sacked last week on White House

orders. Both President Obama

and his task force have indicated Chapter 11 bankruptcy

may be the Bev option for the

car maker. State owned Chinese

car companies are said to be

among the possible investors

for GM's European operations.

But German Chancellor Angela

Merkel has refused to commit to

a rescue plan which would save

GM Europe from being damaged by

the insolvency of its parent

company. Workers at Opel's

European headquarters coming in

for their early morning shift.

Expectations a visit by the

German Chancellor will do much

to secure their future. "At

least she will keep an answer

whether we'll keep going or

not." "I just want a clear

statement." But a clear

statement was not what they

got. Angela Merkel expressed

her support but her plan was

thin on detail. We must try to

do everything we can to find a

private investor, who with

state support builds a long-term foundation and who

believes in Opel. General

Motors employs around 50,000

people in Europe and says it

needs more than $4 billion to

keep its factories here open.

The German government has long

maintained that it won't use

taxpayers' money to bail Opel

out. A decision the boss of GM

in Europe says he accepts. TRANSLATION: We

understand that the fundamental

decision on how to help a

company in our situation is a

difficult political one to make

and that we all have to work

toward as sustainable

solution. Parent company

General Motors now has 60 days

to present a final

restructuring plan to the US

Government, which should

provide answers on how to fund

its European arm.

TRANSLATION: I think we must

use these 60 days and not just

at the last minute to lay the

foundation for a European Opel,

a European Opel for the

future. 60 more days to find

an investor, 60 more days

before these workers will get the answers they're looking


Bleak unemployment data from

the United States at the end of

last week overshadowed better

than expected figure on housing

and manufacturing. Companies

shed 663,000 jobs in March and

with demand still weak, the losses are expected to continue

for months to come. Businesses

continued slashing jobs at an

alarming pace last month. I

would take anything if I could

find it. I'm not finding

anything. Leaving millions of Americans in search of

full-time work. Everyone I know

is looking for work. Eric

Brown lost his job in the entertainment industry nine

months ago. I'm out there with

guys who have masters degrees,

who are applying for the same

construction and clean-up job

that I'm trying to get on to.

Seven states now have

unemployment rates over 10%,

but no part of the country has

been immune. From coast to

coast, the job market is bad,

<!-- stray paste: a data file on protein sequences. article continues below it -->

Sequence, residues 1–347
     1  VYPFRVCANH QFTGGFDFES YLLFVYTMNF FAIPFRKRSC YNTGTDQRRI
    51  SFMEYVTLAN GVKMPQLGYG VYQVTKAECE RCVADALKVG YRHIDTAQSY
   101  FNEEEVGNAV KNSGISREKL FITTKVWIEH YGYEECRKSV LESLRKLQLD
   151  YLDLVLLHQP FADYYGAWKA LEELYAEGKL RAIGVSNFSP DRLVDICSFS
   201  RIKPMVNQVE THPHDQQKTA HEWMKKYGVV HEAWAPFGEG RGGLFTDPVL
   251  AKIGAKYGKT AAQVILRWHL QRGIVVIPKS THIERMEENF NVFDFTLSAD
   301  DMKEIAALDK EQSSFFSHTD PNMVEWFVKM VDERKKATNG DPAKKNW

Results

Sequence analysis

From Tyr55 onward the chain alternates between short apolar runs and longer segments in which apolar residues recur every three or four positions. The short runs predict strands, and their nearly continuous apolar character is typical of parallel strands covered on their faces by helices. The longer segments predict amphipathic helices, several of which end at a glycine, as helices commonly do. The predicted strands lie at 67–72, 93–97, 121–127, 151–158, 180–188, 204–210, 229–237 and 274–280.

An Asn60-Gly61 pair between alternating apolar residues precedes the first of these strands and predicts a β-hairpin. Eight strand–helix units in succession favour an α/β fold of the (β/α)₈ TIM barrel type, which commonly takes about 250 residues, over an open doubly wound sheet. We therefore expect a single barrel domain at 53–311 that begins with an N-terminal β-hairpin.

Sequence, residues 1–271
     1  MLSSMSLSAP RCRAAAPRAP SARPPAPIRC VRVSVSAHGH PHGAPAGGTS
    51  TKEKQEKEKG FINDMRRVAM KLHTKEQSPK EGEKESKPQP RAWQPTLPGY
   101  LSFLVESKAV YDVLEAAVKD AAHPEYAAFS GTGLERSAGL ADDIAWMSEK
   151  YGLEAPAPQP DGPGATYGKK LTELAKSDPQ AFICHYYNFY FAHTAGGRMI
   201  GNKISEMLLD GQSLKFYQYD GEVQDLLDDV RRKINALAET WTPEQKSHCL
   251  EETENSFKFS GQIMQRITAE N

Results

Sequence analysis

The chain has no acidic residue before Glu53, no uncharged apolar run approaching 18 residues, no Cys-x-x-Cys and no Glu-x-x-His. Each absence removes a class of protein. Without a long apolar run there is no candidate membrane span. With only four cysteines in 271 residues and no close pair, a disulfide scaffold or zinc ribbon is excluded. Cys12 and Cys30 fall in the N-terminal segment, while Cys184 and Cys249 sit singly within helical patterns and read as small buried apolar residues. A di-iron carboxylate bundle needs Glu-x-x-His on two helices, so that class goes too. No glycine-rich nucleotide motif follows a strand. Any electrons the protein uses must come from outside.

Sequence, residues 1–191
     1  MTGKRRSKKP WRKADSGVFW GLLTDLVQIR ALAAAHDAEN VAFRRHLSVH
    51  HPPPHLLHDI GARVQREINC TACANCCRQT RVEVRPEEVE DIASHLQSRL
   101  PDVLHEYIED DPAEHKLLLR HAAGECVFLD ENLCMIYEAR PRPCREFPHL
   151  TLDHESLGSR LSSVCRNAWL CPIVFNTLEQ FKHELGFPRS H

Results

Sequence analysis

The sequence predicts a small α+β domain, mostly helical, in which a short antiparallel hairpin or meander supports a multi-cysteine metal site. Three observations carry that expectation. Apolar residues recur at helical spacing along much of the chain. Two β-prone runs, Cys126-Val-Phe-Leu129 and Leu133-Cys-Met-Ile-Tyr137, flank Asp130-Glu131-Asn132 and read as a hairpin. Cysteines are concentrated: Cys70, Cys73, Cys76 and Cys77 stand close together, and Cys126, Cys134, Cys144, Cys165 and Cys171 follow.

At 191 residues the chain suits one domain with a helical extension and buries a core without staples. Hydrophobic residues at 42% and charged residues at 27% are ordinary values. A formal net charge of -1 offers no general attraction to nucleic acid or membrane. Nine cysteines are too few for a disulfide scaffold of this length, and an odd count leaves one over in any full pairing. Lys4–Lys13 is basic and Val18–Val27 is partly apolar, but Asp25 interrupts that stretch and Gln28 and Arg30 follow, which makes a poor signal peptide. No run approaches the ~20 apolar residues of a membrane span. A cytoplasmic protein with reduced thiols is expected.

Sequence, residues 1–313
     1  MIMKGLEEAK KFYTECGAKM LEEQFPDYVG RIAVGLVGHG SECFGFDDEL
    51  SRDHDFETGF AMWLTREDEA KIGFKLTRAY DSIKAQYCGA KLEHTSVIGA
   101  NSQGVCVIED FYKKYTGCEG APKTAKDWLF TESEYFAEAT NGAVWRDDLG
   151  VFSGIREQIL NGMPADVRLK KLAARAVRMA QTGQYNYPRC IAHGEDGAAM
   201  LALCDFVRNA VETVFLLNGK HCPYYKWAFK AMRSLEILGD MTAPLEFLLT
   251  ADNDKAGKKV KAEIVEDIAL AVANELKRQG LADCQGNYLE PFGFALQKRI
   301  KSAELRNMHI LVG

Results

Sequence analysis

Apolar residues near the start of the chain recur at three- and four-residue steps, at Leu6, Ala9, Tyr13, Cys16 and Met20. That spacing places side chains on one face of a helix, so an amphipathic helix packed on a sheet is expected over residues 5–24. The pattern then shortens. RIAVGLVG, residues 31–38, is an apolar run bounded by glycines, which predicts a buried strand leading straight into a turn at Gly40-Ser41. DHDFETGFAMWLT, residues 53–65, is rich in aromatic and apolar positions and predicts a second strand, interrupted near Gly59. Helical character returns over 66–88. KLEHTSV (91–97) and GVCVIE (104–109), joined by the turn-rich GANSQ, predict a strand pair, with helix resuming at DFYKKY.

and there's just really nowhere

to go to find a job.

Economists say the glimmers of

improvement that are cheering

the stock markets such as lower

mortgage rates an an uptick in

car sales have yet to reach the

millions of small business like

Lisa's that employ the majority

of Americans. We can't cut any

more jobs. This is the skeleton

crew. She told us her choice

was lay off most of her staff

or close her custom cabinet

business and she says she won't start rehiring until she's sure

the recovery is for

real. Inside of this

environment, nobody wants to

hire people back if you don't

really know you will have a

long-term job. That very

cautious attitude among

employers is one reason main

street is the last street to

recover at the end of a

recession. Economists say

improvements in the job market

lag the stock market by several months. Satyam Computer Services, which is trying to

sell a controlling stake, will

decide on the winning bid on

April 13. The fraught-hid

company says the headline

forbids has been extended at

the request of those candidates

who met with the Satyam board

on Friday. Australia's Prime

Minister is warning of dark and

difficult times ahead for the

region's fifth largest economy.

Kevin Rudds a called on

Australians to unite against

unemployment and the major

banks have answered it with pledges to

pledges to go easy on

borrowers who lose their jobs.

A multimillion-dollar

government package is aimed at

both maintaining jobs and

keeping students at school. The

wave of economic disaster has

washed Kevin Rudd from New York

and London to Melbourne's suburbs. This global economic recession is not caused by

people in this country and it's

not cause caused by the good

people in this community. It's

here in the mortgage belt that

the government fears the

recession will bite

hardest. But our job is to make